Senator Enyinaya Abaribe, representing Abia South at the National Assembly, has pleaded with a Federal High Court sitting in Abuja, Nigeria’s capital to discharge him as a surety of the leader of the Indigenous People of Biafra (IPOB) and Director of London based radio Biafra, Nnamdi Kanu.
Abaribe, who was one of the three persons who stood as sureties for the IPOB leader when he was released in April, had told Justice Binta Nyako that he had no information about Kanu’s whereabouts.
The attorney of the Abia South lawmaker, Mr. Ogechi Ogunna, who appeared before the presiding judge on Tuesday, October 17, initially informed Justice Nyako that the senator had filed a motion seeking to be discharged as a surety for the defendant.
Reacting to Ogunna’s statement, Justice Nyako said the lawmaker had three options which are: (1) produce the defendant in court and then apply to be discharged as a surety, (2) be ready to forfeit his N100m bail bond or (3) ask to be given time to produce the defendant.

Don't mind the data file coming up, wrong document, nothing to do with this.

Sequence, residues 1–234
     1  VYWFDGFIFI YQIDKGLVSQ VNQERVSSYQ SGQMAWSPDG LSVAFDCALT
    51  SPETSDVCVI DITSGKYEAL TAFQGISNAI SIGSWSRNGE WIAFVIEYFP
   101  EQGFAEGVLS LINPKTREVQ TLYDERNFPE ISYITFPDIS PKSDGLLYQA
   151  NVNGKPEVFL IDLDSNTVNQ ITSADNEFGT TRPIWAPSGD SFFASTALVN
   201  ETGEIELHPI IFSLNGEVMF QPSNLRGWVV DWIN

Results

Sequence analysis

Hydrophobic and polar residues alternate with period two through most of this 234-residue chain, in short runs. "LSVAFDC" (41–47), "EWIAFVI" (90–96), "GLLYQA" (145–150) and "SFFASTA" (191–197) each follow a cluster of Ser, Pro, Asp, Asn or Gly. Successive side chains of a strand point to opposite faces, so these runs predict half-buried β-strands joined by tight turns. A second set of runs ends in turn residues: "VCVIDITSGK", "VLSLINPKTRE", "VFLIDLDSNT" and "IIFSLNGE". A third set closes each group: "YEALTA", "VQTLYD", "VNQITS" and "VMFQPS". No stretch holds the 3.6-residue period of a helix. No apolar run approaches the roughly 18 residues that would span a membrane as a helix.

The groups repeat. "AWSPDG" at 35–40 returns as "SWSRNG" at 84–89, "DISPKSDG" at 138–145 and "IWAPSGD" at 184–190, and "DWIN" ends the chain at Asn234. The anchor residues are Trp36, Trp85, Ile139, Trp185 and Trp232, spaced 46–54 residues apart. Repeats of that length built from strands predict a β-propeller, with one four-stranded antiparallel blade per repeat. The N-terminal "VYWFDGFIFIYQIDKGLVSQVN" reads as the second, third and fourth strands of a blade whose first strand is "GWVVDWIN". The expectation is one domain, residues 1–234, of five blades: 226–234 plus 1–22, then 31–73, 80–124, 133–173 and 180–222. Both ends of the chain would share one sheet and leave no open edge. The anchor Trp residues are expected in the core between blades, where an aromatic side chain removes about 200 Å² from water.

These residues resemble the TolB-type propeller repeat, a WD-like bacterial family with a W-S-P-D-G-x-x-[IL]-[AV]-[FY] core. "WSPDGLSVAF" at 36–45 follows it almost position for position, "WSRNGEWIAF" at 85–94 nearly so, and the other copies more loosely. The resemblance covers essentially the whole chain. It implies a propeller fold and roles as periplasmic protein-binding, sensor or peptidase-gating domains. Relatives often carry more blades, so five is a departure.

Senator Abaribe’s attorney replied saying “he (Abaribe) is not in a position to do any of these.” But the judge insisted that the lawmaker must opt for one of the three options.
Abaribe then asked for a discharge of the bond used for Kanu’s bail and a refund of N100 million paid to the court sequel to the bail.
The lawmaker sought his relief on the ground that the IPOB leader has been missing since soldiers of the Nigerian army raided his Abia residence.
“Since the aforestated visit of the Nigerian army to the residence of the first defendant from September 11, 2017, the second respondent in this suit has not been seen again nor reached on phone the applicant neither is he reported in any news media as seen by any person nor made any statement on any issue,” the senator said in his application.
“The activities of the Nigerian army as affecting the first respondent are matters of state secret incapable of being unravelled by the applicant which activities have put the second respondent out of the reach of the applicant such that the applicant cannot reasonably be expected to produce the second respondent before this court at any subsequent date.
“The applicant lacks the capacity to produce a person stated by the first respondent to be a member of a terrorist organization or any person who the first respondent is reported to be interested in his whereabouts in the aftermath of the military operation in Abia state.”
Meanwhile, Nnamdi Kanu and his co-defendants, Benjamin Madubugwu, David Nwawuisi and Chidiebere Onwudiwe, are facing criminal charges bordering on a treasonable felony, conspiracy, among others.